Sweden Anti-Piracy Legislation Made It Harder to Fight P2PAdded: Tuesday, December 28th, 2010
Category: Recent Headlines Involving File Sharing > Current Events
Tags:ET, p2p, Torrent, Piracy, Peer To Peer, Network, Hackers, Internet, BitTorrent, Google, utorrent, bitcomet, extratorrent, 2010, www.extrattorrent.com
Wikileaks published cable proving that Swedish anti-piracy law “might be doing little to solve the problem of unauthorized file-sharing”, because many users switched to using VPN services and other tools enabling them to hide their IP addresses.
Almost 2 years ago the Swedish government passed a law based on the European Union’s Intellectual Property Rights Enforcement Directive (IPRED). Now, thanks to WikiLeaks, the world can know the government’s opinion on the law’s effectiveness.
The law was actually intended to make it easier for authorities to pursue unauthorized file-sharers, lifting the demand that they can only go after those who have committed quite severe crimes. In other words, the target of the police can only be those file-sharers who merit at least two years of jail time. However, it turned out that the Swedish police, on the opposite, complained that the new law has made their job more difficult.
The cable, released by Wikileaks, reveals that the country’s Police Enforcement officials were complaining that introduction of the new anti-piracy legislation has made it more difficult to address crimes, because the country’s ISPs are now keeping user data related to IP-numbers for a shorter period of time under the IPRED. The broadband providers are believed to do that in order to minimize their subscribers’ exposure to copyright violation claims.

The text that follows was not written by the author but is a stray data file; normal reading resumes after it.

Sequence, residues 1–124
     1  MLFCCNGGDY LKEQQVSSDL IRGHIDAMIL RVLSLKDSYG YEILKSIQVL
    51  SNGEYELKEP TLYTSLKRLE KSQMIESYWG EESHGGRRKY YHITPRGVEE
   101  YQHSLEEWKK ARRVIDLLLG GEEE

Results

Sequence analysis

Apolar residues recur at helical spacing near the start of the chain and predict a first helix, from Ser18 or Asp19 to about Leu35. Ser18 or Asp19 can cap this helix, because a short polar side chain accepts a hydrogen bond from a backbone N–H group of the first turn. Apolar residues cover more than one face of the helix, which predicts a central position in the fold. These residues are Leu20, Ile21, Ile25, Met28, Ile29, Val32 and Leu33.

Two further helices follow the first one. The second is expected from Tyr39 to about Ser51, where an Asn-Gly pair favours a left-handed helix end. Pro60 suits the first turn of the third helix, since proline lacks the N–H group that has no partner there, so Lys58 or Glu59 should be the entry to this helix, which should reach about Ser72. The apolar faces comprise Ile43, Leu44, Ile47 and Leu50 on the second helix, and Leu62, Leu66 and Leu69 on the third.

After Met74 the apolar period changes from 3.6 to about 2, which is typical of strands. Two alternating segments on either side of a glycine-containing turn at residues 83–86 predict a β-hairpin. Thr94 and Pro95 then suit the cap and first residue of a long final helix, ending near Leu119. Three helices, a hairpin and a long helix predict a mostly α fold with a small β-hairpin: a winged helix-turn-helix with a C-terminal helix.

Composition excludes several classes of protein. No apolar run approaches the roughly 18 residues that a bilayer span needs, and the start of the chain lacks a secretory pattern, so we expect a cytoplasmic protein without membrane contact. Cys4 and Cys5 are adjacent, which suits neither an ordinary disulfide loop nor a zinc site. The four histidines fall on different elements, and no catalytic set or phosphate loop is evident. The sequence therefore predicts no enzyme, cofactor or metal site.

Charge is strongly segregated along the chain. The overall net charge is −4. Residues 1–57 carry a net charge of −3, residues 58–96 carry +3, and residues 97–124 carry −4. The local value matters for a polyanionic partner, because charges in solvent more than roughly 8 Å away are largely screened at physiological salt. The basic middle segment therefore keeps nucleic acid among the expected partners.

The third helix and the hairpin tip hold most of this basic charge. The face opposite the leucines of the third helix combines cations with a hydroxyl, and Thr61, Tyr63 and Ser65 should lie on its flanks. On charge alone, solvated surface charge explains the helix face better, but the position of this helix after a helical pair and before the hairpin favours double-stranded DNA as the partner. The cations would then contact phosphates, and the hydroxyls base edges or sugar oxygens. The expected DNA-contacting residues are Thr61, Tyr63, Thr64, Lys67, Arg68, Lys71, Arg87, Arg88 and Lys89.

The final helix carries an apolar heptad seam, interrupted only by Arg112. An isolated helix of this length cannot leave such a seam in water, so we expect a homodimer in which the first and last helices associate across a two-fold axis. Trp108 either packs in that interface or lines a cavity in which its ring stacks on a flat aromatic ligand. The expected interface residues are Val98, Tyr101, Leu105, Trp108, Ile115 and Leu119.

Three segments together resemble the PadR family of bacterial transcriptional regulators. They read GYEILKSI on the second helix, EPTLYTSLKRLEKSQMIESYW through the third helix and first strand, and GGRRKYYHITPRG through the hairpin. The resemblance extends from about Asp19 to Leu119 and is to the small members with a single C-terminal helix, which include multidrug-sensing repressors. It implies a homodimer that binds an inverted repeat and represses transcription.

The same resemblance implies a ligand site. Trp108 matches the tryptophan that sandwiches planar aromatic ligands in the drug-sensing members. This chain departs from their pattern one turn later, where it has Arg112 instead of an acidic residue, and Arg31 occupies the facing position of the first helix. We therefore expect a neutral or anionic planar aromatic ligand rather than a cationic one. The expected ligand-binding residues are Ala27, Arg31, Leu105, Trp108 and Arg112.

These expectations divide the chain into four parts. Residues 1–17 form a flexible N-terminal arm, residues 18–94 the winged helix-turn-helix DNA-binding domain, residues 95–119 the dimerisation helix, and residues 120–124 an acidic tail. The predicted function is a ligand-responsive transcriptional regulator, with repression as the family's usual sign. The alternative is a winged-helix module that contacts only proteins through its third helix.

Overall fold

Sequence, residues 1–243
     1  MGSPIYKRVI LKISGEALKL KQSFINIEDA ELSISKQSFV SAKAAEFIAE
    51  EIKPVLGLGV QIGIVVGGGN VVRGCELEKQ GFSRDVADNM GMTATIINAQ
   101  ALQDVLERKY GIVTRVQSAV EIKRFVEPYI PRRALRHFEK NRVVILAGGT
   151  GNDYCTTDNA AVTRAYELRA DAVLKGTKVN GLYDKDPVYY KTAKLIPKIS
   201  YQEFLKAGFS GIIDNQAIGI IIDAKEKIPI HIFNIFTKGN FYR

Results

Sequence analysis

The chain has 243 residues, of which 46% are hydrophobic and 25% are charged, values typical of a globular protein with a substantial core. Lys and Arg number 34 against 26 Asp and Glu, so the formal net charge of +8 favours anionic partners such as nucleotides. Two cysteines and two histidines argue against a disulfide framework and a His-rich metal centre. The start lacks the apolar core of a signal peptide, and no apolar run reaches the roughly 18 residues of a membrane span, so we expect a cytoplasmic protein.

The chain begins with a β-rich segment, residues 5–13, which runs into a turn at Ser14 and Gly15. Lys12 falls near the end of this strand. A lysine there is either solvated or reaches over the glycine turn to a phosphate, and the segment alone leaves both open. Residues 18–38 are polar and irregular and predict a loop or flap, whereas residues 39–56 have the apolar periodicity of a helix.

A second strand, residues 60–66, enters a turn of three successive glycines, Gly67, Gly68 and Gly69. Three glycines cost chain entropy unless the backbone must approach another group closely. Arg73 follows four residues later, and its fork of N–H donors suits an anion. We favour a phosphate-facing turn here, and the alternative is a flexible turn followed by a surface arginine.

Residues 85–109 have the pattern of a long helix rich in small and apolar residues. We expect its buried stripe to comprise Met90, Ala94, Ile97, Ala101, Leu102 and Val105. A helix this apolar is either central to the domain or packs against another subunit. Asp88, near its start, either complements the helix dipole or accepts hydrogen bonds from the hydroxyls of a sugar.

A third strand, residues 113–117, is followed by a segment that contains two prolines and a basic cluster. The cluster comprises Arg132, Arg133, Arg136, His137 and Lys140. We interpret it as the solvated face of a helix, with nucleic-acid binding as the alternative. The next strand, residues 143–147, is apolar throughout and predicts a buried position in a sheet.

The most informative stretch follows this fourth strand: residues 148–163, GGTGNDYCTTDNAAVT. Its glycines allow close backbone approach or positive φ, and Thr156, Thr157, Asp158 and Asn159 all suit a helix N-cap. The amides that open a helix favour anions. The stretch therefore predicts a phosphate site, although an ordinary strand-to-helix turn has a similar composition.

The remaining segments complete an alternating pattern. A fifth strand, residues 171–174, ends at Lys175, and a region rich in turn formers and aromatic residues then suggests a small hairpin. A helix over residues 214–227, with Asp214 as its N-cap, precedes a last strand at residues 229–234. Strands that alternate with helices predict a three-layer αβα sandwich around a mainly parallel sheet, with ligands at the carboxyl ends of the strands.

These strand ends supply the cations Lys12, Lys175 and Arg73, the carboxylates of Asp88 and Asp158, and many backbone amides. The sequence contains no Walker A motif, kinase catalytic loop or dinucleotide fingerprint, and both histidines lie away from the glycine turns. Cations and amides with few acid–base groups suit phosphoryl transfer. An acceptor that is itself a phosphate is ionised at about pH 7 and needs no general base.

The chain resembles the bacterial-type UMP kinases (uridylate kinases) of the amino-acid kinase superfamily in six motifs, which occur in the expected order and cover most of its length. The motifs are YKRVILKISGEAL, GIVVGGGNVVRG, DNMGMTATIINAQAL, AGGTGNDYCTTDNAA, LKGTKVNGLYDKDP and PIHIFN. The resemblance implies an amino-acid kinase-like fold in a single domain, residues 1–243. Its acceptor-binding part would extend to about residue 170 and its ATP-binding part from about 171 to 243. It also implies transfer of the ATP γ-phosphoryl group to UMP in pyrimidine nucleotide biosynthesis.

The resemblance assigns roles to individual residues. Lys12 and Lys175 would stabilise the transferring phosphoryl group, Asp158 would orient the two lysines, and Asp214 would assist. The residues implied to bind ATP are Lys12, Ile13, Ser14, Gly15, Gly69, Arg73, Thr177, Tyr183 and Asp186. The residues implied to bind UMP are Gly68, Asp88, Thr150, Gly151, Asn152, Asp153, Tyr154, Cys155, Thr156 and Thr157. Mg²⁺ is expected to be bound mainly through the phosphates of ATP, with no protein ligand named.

Meanwhile, the best unintended consequence of the law turned out to be that many users started to mask their IP addresses in order to avoid the scrutiny of the police. Nowadays there are lots of services enabling users to hide their IP-addresses, and everyone can find information on them on the Internet. It’s worth mentioning that shortly after the law took effect, the Swedish BitTorrent tracker The Pirate Bay introduced the so-called “IPREDator VPN service”, which provided the users with the ability to hide a subscriber’s IP address for a little less than $7 a month. There’s no need to say that the service has been largely popular.
Earlier this year it has already been mentioned that despite the introduction of IPRED legislation, Swedish file-sharing is currently on the rise. The statistics prove that fact – so far there are just 3 people targeted instead of the anticipated 800. Actually, the Wikileaks cable only proved the fact that file-sharers will always evolve and find a way out.
December 28th, 2010Posted by:
Tuesday, December 28th, 2010
|interesting read thanks|
|even when you use vpn anyone watching outside of the data stream only see's encrypted data stream ( no files, names, ect.. ); they would have to intercept it and try to crack the encoded stream.|
THAT is wiretapping and a warrant is needed.
Most Popular Stories